Want to memorize a piece for a piano recital or exam coming up? Although this can be challenging and intimidating, there are a lot of great tips and strategies to help you memorize piano music as easily and quickly as possible.
Trying to learn a new piece quickly? Get my tips for learning a new song fast and how to practice effectively.
Some tips to help you memorize piano music faster include repetition, playing hands separately, counting aloud, analyzing the structure and harmonies of the song, listening to recordings of the piece, and playing without looking at the music (i.e. with your eyes closed or looking at your hands). Although these strategies are helpful, remember that it does take consistent work over time to memorize the piece.
This depends upon the length and complexity of the piece and the age and skill of the pianist. Once an average piece is learned thoroughly, it takes about a month to memorize it. However, this can vary widely, so there really isn't a hard and fast time frame.
The four kinds of memory are visual, auditory, analytical, and muscle memory. Visual memory means you remember what the notes look like on the page, and what position your hands are in on the keyboard, while auditory memory means you know what the piece should sound like.
Analytical memory means you remember how the song is constructed; for example, the key and time signatures, chord progression, tempo changes, unique chords or accidentals, song structure (for example, AABBCCA), etc. Muscle memory means you have memorized the hand shape, placement, and force required to play the piece.
Most pianists will tend to rely upon muscle memory for performances, but this isn't the best option, as you can easily blank out because of nerves. It's the safest to rely on analytical memory, as that means you have memorized the music in chunks with checkpoints throughout where you can start playing from any point in the piece.
There are several good reasons for this, including the fact that it helps the pianist focus on expression rather than on reading the score, creating a more polished performance. It also eliminates the need for page turns, and requires the pianist to be well acquainted with the sound and feel of the piece.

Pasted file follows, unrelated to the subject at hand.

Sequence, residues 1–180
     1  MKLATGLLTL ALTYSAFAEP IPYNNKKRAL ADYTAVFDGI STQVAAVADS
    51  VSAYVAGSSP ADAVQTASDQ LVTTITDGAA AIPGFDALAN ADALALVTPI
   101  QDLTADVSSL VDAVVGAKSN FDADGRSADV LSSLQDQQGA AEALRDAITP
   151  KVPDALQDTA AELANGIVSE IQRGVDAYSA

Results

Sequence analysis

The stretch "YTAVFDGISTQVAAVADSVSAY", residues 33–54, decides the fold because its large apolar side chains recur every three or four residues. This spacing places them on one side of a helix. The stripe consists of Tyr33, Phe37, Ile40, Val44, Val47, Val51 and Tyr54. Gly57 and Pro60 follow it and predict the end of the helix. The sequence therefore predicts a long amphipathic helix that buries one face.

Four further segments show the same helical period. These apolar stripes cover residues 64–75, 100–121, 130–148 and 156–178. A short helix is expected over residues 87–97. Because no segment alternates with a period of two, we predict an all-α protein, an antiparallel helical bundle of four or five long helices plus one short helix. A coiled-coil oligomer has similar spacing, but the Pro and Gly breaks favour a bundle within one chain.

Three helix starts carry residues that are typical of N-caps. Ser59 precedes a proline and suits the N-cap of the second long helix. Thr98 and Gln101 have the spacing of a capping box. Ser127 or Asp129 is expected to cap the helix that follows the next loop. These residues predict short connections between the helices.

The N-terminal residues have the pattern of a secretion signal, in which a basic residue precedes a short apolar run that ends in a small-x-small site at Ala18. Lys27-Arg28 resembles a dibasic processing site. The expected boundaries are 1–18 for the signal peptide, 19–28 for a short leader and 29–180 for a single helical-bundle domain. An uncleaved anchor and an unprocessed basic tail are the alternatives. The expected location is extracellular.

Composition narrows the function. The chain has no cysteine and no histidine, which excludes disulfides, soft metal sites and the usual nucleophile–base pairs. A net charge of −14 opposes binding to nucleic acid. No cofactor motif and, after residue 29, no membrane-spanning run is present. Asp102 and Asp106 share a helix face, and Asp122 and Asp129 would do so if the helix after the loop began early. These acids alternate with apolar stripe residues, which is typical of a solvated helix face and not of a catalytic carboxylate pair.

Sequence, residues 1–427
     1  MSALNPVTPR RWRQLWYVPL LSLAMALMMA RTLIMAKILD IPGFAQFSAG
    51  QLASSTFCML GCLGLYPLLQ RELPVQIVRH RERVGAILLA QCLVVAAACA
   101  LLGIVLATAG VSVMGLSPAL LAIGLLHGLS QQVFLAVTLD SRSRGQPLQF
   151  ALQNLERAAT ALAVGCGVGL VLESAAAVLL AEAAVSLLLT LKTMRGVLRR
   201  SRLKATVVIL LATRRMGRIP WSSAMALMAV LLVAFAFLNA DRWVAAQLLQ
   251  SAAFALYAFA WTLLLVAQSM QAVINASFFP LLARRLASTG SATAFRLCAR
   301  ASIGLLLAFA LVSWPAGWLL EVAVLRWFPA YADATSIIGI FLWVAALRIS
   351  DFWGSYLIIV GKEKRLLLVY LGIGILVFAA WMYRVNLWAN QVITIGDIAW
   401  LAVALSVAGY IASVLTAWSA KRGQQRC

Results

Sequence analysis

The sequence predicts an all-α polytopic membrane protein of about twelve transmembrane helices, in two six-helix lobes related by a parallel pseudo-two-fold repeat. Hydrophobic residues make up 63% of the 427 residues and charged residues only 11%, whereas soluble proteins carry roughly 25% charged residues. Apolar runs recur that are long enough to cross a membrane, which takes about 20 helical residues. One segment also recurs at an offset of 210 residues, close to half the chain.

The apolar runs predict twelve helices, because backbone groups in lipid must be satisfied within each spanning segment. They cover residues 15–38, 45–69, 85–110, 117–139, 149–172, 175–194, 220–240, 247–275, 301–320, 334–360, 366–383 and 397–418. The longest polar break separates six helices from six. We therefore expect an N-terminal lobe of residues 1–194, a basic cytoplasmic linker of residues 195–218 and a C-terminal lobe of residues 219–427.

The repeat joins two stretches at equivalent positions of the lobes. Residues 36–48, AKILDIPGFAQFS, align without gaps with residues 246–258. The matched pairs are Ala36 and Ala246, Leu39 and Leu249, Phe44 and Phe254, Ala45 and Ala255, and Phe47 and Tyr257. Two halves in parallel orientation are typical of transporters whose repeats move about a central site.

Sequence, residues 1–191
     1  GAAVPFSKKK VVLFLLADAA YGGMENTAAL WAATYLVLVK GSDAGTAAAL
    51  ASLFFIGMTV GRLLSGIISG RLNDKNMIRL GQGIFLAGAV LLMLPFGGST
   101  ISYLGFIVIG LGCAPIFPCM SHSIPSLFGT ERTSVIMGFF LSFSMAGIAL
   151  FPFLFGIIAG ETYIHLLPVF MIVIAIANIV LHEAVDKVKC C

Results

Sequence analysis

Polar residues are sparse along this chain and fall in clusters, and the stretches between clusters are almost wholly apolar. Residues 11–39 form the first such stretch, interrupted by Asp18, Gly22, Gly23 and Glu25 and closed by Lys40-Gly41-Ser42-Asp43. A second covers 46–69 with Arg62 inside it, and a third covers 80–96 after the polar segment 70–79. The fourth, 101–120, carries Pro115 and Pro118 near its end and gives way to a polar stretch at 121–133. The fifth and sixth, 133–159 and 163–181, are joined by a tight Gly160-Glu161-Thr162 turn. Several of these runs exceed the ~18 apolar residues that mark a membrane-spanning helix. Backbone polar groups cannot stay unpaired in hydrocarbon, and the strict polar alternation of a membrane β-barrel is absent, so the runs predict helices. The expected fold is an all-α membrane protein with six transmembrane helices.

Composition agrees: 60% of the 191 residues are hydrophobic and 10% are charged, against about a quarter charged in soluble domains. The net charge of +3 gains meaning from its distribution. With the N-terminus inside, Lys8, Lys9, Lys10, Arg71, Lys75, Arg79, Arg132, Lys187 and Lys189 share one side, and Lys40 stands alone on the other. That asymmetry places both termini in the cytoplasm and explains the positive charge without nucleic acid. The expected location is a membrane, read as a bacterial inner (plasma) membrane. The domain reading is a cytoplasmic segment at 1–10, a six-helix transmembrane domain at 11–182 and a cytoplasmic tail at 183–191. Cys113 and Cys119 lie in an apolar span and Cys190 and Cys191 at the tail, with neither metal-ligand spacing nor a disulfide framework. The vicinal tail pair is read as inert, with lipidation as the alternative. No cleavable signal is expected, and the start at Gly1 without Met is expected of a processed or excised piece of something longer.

Before You Start
Understand the score. Learning the history of the composer and of the piece itself will bring more meaning and help you be more interested in learning it.
Dissect the piece. Analyze the key and time signatures and any key changes, notate accidentals, mark chord progressions, and familiarize yourself with the song structure (such as AABBCCA, like in ragtime). Watch tutorials or read tips for playing that particular song. The more you understand the construction of the piece, the easier it will be to learn it.
Remove distractions. Memorization will be difficult unless you are focusing intently on the music. Turn off your cell phone and keep your practice area quiet and peaceful.
Good Practice Habits
Memorizing a piano piece starts with good practice habits. Here are some ones specific to memorization, so be sure to incorporate them into your routine.
Play slowly. Going at a slow tempo is crucial to mastering the correct notes, fingering, and dynamics of the piece, and gives your brain time to process the new information. Ideally, you should be able to play a memorized piece at any tempo: slow, medium, or fast.
Practice hands separately and count aloud. Knowing the right and left hand parts independently will greatly help you when playing hands together, and counting aloud will force you to play at a more consistent speed and will help you realize where errors lie. Graham Fitch's helpful techniques in Part 1 and Part 2 of his masterclass are great for memorization as well.
Improve technique. If you are struggling to play the technical difficulties presented in a piece, you will not be able to memorize it effectively. Take the time to learn finger exercises, such as Hanon, and etudes that target the technical challenges in the piece.
Improve sight reading. The faster you can identify chords and intervals by sight, the faster it will be to learn and memorize a piece. One of the best ways to improve your sight reading is to learn new music all the time, especially in a variety of key signatures, time signatures, and styles.
Learn small chunks at a time. Rehearse 2-4 measures at a time at a slow tempo. Avoid tackling too much information at once, as your brain remembers best when it is presented in small pieces.
Repetition. Don't consider a chunk of music memorized until you can play it five times through at a slow tempo without making a mistake. Wrong notes, fingering, timing, stumbles, and pauses count as mistakes. Remember the old adage, "Don't practice until you get it right; practice until you can't get it wrong."